March 3rd, 2009

red panda eating bamboo

In which firecat discusses her isms

I've studied feminism for decades and have long believed that feminists—starting long before I was born and continuing today—have discovered some really important things about what my world is like and have done things to make my world better for me as a woman and better for a lot of other people too (although not all people).

Steeping myself in feminist viewpoints for a long time has made me pretty sensitive to gender-biased behavior among people I know, and gender bias in the media. (And has spoiled my enjoyment of a few authors I used to really like.)

Nevertheless, I have lived my whole life in a culture that privileges men over women and people of other genders in a number of ways, and I have internalized the assumption that the public sphere belongs to men. So despite decades of study, if someone mentions a person involved in making public policy, and I don't know who they are, and the name I hear doesn't strike me as "obviously feminine," I tend to assume they are male.

So I just saw a news headline, "Clinton stresses two-state solution," and my first thought is that Bill Clinton said it in a talk somewhere, and it takes me reading the first few words of the article, "U.S. Secretary of State Hillary
Clinton stressed a two-state Israel-Palestine solution..." to realize who the story is talking about. *DOH*.

Despite decades of being involved with feminist thought, sexism is still so deeply rooted in me that I automatically envisioned Bill Clinton when I saw the name Clinton, even though Hillary Clinton is in a more prominent position in government now.

I have made some effort to learn about race issues but I haven't worked on that nearly as much as feminism. So I'm sure I have many more automatic assumptions about race than I do about gender.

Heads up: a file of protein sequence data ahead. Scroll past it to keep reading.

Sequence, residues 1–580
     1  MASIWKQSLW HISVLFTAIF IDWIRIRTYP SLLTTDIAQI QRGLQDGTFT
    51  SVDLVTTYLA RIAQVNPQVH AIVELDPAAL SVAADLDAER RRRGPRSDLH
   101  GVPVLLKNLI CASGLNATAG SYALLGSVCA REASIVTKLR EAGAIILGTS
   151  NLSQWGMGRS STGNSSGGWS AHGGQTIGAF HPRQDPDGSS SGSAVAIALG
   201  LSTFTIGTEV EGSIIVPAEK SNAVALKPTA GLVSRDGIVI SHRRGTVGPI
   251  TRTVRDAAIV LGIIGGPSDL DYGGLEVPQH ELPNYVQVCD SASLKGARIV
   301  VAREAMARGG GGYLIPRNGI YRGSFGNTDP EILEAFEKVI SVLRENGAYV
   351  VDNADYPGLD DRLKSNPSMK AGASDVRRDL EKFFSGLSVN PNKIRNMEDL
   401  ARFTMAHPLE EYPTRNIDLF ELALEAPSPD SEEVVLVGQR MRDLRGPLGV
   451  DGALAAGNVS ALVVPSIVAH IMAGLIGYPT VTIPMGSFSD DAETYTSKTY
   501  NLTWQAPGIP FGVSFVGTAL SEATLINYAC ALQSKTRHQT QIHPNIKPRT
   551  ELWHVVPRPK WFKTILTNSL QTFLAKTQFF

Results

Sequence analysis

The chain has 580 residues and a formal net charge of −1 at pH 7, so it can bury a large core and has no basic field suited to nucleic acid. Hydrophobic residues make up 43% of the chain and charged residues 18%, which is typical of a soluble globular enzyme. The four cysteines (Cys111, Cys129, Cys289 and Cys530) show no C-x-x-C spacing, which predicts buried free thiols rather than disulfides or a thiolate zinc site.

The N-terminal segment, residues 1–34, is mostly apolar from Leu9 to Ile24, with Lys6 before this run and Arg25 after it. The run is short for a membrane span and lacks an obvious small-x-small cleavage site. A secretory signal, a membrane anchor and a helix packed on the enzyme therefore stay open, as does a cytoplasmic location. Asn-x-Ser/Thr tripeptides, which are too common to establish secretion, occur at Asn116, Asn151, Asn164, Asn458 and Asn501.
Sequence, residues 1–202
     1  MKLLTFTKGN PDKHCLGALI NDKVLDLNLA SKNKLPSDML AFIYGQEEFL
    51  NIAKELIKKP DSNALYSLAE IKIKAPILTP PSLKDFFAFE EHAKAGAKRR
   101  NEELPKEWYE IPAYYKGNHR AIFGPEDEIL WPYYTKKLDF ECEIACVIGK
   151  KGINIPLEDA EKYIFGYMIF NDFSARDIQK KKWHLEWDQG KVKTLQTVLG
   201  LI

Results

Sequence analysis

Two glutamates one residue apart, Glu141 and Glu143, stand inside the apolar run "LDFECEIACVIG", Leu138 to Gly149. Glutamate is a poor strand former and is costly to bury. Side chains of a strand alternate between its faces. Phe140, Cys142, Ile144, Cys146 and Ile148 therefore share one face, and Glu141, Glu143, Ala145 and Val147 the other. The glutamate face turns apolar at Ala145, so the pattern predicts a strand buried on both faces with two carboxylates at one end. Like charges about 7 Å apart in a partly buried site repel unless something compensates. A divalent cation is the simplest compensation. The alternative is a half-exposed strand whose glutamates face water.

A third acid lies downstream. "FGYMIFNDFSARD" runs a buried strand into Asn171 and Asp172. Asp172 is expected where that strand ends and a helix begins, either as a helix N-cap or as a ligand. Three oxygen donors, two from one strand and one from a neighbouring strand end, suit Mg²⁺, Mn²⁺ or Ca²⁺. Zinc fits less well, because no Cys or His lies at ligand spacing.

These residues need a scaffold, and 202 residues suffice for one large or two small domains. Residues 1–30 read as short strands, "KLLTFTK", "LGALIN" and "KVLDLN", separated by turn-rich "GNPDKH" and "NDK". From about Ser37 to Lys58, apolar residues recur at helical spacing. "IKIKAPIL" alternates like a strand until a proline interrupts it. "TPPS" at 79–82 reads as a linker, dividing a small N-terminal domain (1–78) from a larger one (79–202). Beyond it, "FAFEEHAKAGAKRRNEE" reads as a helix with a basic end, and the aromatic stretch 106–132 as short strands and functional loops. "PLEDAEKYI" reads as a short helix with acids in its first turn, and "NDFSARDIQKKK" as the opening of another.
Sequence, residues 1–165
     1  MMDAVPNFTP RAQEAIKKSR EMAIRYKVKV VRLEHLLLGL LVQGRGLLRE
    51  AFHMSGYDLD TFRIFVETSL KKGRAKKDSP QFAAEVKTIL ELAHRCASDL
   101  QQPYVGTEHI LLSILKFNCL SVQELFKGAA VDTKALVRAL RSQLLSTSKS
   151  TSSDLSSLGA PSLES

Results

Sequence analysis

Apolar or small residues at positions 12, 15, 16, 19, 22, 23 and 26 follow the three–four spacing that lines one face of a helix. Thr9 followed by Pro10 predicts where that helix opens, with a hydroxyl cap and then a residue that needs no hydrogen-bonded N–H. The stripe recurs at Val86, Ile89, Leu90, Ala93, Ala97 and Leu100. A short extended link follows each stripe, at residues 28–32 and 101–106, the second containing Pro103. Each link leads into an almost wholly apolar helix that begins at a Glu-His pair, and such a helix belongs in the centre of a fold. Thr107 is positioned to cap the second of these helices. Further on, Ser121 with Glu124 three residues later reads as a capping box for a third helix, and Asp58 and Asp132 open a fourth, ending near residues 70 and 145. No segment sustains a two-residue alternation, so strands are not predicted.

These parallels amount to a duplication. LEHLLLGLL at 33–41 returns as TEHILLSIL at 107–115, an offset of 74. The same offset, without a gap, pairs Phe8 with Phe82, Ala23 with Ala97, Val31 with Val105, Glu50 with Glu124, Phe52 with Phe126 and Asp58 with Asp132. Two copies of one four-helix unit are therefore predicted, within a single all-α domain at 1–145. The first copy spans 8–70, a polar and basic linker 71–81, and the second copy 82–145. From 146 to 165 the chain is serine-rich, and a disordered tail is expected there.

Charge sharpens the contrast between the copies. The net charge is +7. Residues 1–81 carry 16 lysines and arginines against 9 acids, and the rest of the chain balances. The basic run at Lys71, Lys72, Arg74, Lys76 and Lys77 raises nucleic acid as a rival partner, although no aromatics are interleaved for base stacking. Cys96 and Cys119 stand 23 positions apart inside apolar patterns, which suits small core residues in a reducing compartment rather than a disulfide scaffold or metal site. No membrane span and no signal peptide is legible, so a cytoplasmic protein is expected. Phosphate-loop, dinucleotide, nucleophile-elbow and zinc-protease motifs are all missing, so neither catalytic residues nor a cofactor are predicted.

When people who I think came from more or less the same upbringing as mine say they aren't racist or sexist at all, I really wonder where they got the module installed that erases all of the conditioning they received.
  • Current Mood
    embarrassed embarrassed

The assumptions, they burns us

This article was linked in a flocked post on my flist and I decided to bitch about it here rather than spewing venom all over my friend's LJ.

"Why The Smartest People Have The Toughest Time Dating"

First off, I know plenty of smart people who have no trouble dating. The fact that there is a stereotype of a certain kind of smart person having trouble dating does not mean that all smart people therefore have trouble dating.

precipitated by the endemic dating woes on the Harvard campus

If college students have trouble dating, it probably has a lot more to do with their being young, without much social experience, and trying to negotiate a culture different from what they're used to, than it has to do with their being smart.

Unless you actually convey femininity as a woman or masculinity as a man, you're not going to attract a suitable companion of the opposite sex.

I am laughing my butch kitty ass off here. I mean, I suppose it might be true at a gross statistical level, but I know so many people who are so far from conventionally feminine or conventionally masculine who have no trouble finding partners.

And maybe when you're really sloshed at a party and your whole frontal lobe is on vacation in the outer rings of Saturn, you've noticed that your lizard brain knows exactly how to grab that cute girl by the waist for a twirl on the dance floor. [...] Actually, just stop thinking altogether.

Telling people to find dates by getting drunk and not thinking is a great way to help them get STDs and unwanted pregnancies, too.

Generally speaking, smart people seek out other smart people to hang out with, simply because they get bored otherwise. [...] Well, congratulations -- you've just eliminated 95% of the world's population as a potential mate, Mr or Ms Smartypants.

Hey, I'm a woman over 40 and I've neither been (legally) married nor been killed by a terrorist! I must be some kind of miracle.

I care a lot that my partners are in the same general intelligence range as me, and it's very important to me that my partners appreciate me in part for my intelligence. But I've known plenty of smart people who don't care about either of those things.

Starting when I was in my teens, I was convinced that I was so odd and had such specialized requirements in a partner that I would never find a partner. Even though I have three long-term partners right now, and have been with other people who were good partners for me, on some level I still believe this. Silly, huh?